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Ralph Nader > In the Public Interest > Broken Promises

The federal program providing lawyers for the poor is heading for destruction. Cynically, White House and Office of Economic Opportunity reactionaries are breaking up the nonpolitical structure of the Neighborhood Legal Services program in preparation for its ultimate disintegration. The 2400 lawyers representing poor people in consumer, landlord, employment, family and governmental problems throughout the country will either leave their jobs or be under political control to avoid controversial or important lawsuits.

The principal White House minion supervising this dismantling is 32-year-old Howard Phillips, acting director of OEO, whose interest in the poor and sick is not much greater than that of King Kong. The cruelty which this successful legal aid program is being subjected to has visibly shocked the elders of the conservative American Bar Association. The ABA wants the program continued independent of political interference whether from federal, state or local governments. As a result, the White House this month abolished the ABA-sponsored advisory committee to OEO which was supposed to shield the legal services program from such political meddling. ABA President, Robert Meserve, deplores this demise but seems to be unable to rally his associates strongly behind this modest $71 million service to citizens.

It is instructive to review briefly the course of events which now jeopardizes one of the most constructive and far-reaching social innovations of the Sixties. For what is happening to legal services will likely soon happen to other programs for the elderly, children who need day care, the mentally retarded, juvenile delinquents, the hungry.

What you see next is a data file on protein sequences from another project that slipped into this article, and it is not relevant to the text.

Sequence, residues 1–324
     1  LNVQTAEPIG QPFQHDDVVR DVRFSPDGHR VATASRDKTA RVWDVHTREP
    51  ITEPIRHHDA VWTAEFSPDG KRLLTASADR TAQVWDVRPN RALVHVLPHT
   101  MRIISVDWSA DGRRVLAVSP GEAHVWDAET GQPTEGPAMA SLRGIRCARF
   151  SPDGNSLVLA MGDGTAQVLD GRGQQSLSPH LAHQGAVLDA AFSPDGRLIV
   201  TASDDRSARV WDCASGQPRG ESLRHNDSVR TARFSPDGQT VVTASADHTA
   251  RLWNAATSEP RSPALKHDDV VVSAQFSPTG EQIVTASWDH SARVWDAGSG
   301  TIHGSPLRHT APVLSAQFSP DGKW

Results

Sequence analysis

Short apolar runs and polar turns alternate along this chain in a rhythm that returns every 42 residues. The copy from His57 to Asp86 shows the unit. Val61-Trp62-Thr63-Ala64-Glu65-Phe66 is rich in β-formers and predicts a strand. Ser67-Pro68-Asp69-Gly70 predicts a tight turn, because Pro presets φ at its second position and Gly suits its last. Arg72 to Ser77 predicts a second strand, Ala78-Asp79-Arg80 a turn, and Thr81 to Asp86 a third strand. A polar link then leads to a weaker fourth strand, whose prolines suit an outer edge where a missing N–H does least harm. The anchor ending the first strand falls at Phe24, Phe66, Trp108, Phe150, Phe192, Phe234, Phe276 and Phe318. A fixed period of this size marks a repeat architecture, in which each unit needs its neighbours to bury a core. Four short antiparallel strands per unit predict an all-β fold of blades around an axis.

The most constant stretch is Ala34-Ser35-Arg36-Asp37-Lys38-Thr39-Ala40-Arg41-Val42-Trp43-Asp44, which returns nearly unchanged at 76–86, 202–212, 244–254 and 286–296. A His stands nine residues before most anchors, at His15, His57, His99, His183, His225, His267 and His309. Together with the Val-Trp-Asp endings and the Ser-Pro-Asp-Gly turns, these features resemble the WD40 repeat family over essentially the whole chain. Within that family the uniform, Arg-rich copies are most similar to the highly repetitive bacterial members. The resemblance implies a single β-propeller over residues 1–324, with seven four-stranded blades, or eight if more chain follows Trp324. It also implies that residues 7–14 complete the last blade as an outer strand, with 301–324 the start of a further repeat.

The attack on legal services began, predictably, with Vice President Agnew about a year ago. And just as predictably, his wild, unsupported smears were widely reported in the media but subjected to no challenge as to their veracity. Here is a sample of Mr. Agnew’s bellowing: A destitute mother of five can’t get legal help with an eviction notice but a middle class dropout can get legal counseling in setting up his underground newspaper.

As usual, the Vice President’s speech writers wallow in everything but the facts. The record of legal services supports precisely the opposite of what he describes. Poverty lawyers have served millions of poor people in their difficulties. They have pioneered in the courts and obtained decisions which overcame local and state governmental lawlessness, expanded the rights of consumers, tenants, and workers and advanced more just procedures to give citizens fair notice and hearing by government bureaucracies. These are precisely the reasons Mr. Agnew wants political control over the poverty lawyers. He favors the wealthy elite and does not like governmental injustice to individuals challenged successfully in court by 0E0-funded lawyers.

Last week, Theodore Tetzlaff, director of OEO’s legal services, was fired because he complained about Phillips’ placing new men hostile to legal services in charge of portions of the program. He also objected to an order by Phillips limiting grant renewals to the 260 programs around the country to 30-day extensions. This move will make it difficult to plan any long-term legal actions at the grass roots and will certainly lead to resignations and further breaking up of the program.

In May 1971, President Nixon told Congress: Much of the litigation initiated by legal services has placed it in direct conflict with local and state governments. The program is concerned with social issues and is thus subject to unusually strong political pressures.

Even though surrounded by controversy, this program can provide a most effective mechanism for settling differences and securing justice within the system and not on the streets. For many of our citizens, legal services has reaffirmed faith in our government of laws. However, if we are to preserve the strength of the program, we must make it immune to political pressure and make is a permanent part of our system of justice.

Congress will do well, as it ponders how it is going to save the poverty law program, not to forget the President’s words even though he obviously has.